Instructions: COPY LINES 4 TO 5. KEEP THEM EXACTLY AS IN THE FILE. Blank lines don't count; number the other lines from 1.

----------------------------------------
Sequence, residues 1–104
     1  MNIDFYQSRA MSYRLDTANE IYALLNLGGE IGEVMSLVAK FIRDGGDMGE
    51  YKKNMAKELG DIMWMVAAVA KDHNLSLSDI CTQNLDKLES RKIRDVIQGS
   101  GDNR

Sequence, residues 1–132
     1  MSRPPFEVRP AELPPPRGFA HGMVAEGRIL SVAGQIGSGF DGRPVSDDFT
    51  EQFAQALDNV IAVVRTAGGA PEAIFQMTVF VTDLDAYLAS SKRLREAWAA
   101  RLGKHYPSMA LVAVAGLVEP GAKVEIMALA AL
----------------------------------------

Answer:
   101  GDNR

Sequence, residues 1–132